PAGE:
$200 million finance startup Curve faces complaints from customers who say they were handed corporate cards without knowing and ended up with extra charges
- $200 million finance startup Curve is facing complaints from customers who were handed business cards rather than standard personal cards.
- Curve issues a smart card that groups all your debit and credit accounts into one, meaning you can spend from multiple accounts using a single card.
- Customers complained that they were issued corporate cards without being clearly informed and, in some cases, were charged additional fees while making payments.
- Curve did not respond to a request for comment.
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Hot UK finance startup Curve is facing complaints from customers who were unexpectedly issued business cards rather than standard consumer cards. It’s a move that nets Curve more money but, in some cases, has resulted in unexpected extra fees for customers, who are now complaining about the startup’s lack of clarity on the issue.
Curve is the $200 million British fintech that lets people group all the cards and accounts onto a single physical Curve card. It isn’t a bank — rather the sell is that users don’t have to scrabble in their wallets for various physical debit and credit cards, and instead rely on one neat payment solution on their phone. The concept is similar to Apple Pay, and Curve is one of a host of emerging players in the UK’s competitive fintech scene that aims to reshape how people manage their finances.
Curve customers can be issued with a business or standard consumer account, depending on whether the card is for personal or business expenses. But the startup’s online community message board is awash with customers who say they were sent a business card without realising what they had signed up for.
Ivan Cameron, an entrepreneur based in Amsterdam, said he signed up to Curve expecting to receive a regular consumer card. He claims that when he contacted the company to ask that it to be changed, they effectively told him the two account types were the same.
“I got in touch with them when I received a commercial card [and] they tried to convince me there was no difference between the two,” he said on the message board. “When I disagreed, they sent me a replacement card… Curve shouldn’t be sending commercial cards to people who don’t expressly request one.”
One user, writing under the name “Wittgendworkin”, said they faced extra charges when buying train tickets to work due to additional corporate card fees.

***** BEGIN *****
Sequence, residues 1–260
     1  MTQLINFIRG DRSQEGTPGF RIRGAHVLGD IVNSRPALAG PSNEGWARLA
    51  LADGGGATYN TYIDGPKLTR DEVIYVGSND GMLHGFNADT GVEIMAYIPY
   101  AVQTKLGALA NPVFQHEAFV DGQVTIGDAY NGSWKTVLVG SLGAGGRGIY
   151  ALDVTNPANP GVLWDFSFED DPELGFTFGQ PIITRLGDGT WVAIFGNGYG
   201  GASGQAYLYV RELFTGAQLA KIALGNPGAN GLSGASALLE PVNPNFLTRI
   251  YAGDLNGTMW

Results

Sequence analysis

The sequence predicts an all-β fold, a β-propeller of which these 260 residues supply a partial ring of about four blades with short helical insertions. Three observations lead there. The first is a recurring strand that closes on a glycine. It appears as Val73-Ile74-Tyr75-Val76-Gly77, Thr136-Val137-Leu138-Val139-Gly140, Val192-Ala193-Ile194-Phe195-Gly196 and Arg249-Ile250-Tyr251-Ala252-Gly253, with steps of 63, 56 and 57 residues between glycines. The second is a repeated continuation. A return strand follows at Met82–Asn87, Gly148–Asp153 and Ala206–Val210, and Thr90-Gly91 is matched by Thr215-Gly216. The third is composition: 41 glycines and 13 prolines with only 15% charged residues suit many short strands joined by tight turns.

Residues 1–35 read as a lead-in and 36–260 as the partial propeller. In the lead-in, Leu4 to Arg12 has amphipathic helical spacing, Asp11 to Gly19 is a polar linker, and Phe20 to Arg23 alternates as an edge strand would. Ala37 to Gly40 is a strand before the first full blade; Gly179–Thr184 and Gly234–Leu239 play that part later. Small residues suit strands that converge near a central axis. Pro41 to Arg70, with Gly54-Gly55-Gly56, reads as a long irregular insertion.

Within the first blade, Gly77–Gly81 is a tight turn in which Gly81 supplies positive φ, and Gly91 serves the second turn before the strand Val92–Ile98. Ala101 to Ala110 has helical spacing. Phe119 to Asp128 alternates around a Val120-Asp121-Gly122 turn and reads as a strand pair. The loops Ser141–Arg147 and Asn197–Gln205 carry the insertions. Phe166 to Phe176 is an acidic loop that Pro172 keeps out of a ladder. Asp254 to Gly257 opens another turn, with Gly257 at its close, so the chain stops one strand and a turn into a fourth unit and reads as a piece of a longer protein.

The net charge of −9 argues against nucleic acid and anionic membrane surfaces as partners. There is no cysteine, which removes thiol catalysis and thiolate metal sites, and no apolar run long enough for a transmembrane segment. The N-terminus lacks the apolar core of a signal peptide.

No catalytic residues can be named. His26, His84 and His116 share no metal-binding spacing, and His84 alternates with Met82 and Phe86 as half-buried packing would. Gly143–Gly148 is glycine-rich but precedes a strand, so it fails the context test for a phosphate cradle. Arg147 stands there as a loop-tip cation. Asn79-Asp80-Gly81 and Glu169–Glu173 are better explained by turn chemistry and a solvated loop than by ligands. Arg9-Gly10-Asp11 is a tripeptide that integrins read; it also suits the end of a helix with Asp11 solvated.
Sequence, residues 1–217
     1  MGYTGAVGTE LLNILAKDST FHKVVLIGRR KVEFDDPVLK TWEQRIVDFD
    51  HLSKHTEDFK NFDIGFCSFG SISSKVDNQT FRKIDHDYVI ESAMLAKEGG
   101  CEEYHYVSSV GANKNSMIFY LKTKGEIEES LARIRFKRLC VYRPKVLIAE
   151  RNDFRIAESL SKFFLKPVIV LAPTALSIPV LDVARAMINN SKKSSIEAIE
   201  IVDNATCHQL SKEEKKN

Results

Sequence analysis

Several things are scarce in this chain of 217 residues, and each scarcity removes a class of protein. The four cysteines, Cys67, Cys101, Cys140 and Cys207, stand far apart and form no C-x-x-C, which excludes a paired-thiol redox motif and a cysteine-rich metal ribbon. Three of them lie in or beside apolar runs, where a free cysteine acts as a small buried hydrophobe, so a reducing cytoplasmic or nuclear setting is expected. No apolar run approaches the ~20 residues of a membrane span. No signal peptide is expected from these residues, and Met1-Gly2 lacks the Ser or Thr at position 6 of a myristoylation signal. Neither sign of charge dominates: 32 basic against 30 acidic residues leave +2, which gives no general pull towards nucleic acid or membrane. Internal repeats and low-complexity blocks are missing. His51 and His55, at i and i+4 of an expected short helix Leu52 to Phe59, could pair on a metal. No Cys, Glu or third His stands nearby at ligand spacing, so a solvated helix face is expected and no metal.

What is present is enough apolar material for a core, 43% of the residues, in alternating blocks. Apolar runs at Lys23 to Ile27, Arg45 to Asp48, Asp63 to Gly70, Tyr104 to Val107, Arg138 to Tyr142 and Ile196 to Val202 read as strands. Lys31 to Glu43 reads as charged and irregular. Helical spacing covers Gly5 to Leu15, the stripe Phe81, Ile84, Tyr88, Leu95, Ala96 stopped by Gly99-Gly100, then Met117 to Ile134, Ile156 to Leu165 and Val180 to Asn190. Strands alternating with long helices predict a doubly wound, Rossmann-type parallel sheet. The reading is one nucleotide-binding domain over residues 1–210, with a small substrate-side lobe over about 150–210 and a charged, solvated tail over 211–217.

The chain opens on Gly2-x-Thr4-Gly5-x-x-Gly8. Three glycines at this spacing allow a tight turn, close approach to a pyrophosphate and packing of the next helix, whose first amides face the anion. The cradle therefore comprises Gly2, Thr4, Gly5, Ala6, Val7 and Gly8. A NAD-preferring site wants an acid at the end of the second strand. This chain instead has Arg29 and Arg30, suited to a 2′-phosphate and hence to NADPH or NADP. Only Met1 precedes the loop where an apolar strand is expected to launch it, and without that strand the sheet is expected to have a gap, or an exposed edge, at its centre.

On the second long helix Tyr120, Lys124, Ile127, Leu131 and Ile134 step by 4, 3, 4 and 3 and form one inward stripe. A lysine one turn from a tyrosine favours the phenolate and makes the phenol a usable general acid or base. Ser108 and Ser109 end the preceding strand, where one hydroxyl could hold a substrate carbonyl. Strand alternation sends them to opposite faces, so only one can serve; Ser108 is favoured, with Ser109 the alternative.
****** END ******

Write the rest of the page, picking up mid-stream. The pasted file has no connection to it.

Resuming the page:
They wrote: “I had no idea what a corporate card was or that I would face extra fees… In my view, Curve needs to be WAY more upfront about this, and ensure that self-employed people are not bounced into corporate cards if they don’t want them.”
Curve earns more money per transaction on business accounts
Commercial (or “business”) debit cards are more profitable than ordinary personal cards, earning the companies issuing them up to 1.1% in commission on every payment made – five times the approximately 0.2% made off personal accounts.
This money is paid by the “merchant bank”, as in: the bank serving the store where you just bought something. These charges help keep global operations running smoothly.
Under UK competition guidelines, those applying for business accounts usually have to submit some evidence of their work, such as their Companies House registration documents. For example, as part of the onboarding process for Starling Bank, another fintech challenger, applicants for business accounts need to submit information including proof of ID, a self-recorded video, a company website address, Linkedin profiles and a letter from their accountant or lawyer.
However, as Curve is not actually a bank but an “over-the-top” platform used to access other accounts, these regulations don’t apply. Given how much time and effort it usually takes to open a business account, they are very rarely given to the wrong people. But no such checks appear to exist for Curve customers.
Curve customers might not even realise they even have a business card until they are hit by additional corporate fees on their transactions.
What’s potentially troubling is that every time a Curve business card has been unknowingly spent in, for example, a grocery store, that store’s bank will have paid Curve a higher interchange fee entirely unnecessarily.
Curve isn’t especially transparent about what type of account customers will be getting
When Business Insider ordered a Curve card, we selected the “self-employed” option and were given no further information about the type of card we had ordered. Curve sent us a card with “commercial” written on the back.
When signing up for a Curve “Blue” card, the company’s only fee-free option, users are presented with six choices, including “entrepreneur and business owner”, “self-employed”, “employee” and “other”.
Regardless of which one you choose, it is never made clear in Curve’s sign-up process whether you will receive a consumer or commercial card.
Curve were quick to respond when we requested our card be exchanged for a personal one. But when asked which option one should tick to avoid opening a business account, they told us they were “unable to provide more information due to regulations”.
When asked whether documentation should be a requirement for those opening a business account, the UK’s Financial Conduct Authority declined to comment.
However, Business Insider understands the watchdog is “actively considering the future of regulation” around emerging financial technologies. There are regulations and principles that apply to firms like Curve, requiring them to be transparent about their products, who they are for, and what fees and charges are levied.
Curve did not respond to requests for comment.